Illustration: Aïda Amer/Axios

The coronavirus pandemic's forced work-from-home phenomenon cuts across education levels, race and gender, according to data from the Bureau of Labor Statistics.

By the numbers: Looking at the latest figures from June, more educated workers were more likely to have teleworked because of the pandemic. A measly 5% of workers with less than a high school diploma worked from home versus 54% of workers with a college degree or higher.

  • Women were more likely (36%) than men (27%) to have worked from home because of the pandemic.
  • 49% of Asian people teleworked because of the pandemic — higher than white people (31%), Black people (26%), and Hispanics (21%).

Go deeper

Erica Pandey, author of @Work
Oct 6, 2020 - Economy & Business

Remote work erodes workers' sense of belonging

Illustration: Sarah Grillo/Axios

Most Americans want the telework trend to continue after the pandemic, but there's a lingering problem that companies haven't been able to solve: working at home is isolating.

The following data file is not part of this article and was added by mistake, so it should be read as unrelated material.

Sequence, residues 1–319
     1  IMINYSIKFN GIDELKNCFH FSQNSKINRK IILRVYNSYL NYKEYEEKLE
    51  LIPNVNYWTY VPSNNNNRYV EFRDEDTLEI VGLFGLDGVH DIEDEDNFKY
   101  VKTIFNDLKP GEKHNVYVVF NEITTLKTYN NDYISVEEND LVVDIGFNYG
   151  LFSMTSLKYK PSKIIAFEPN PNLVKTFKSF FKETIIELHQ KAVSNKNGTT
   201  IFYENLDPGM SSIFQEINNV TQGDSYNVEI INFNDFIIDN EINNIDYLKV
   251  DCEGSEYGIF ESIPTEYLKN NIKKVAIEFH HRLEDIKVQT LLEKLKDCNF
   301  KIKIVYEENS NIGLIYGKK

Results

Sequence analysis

Why it matters: A sense of belonging at work is becoming increasingly important to workers — and employers who figure out how to build that into the hybrid work culture of the future will have a critical advantage when recruiting and retaining talent.

Erica Pandey, author of @Work
Oct 6, 2020 - Economy & Business

Why New York isn't going back to work

Illustration: Eniola Odetunde/Axios

Americans all over the country are going back to their offices, but New Yorkers aren't.

Why it matters: Office workers are super-drivers of New York City's economy and essential to its post-pandemic recovery. Scores of businesses in the city are suffocating as they delay their return to work or, worse, decide to work from home forever.

Updated 28 mins ago - Politics & Policy

Coronavirus dashboard

Illustration: Annelise Capossela/Axios

  1. Politics: Trump says if Biden's elected, "he'll listen to the scientists"Trump calls Fauci a "disaster" on campaign call — Fauci says he's "absolutely not" surprised Trump got coronavirus.
  2. Health: Coronavirus hospitalizations are on the rise — 8 states set single-day coronavirus case records last week.
  3. Business: Consumer confidence surveys show Americans are getting nervousHow China's economy bounced back from coronavirus.
  4. Sports: We've entered the era of limited fan attendance.
  5. Education: Why education technology can’t save remote learning.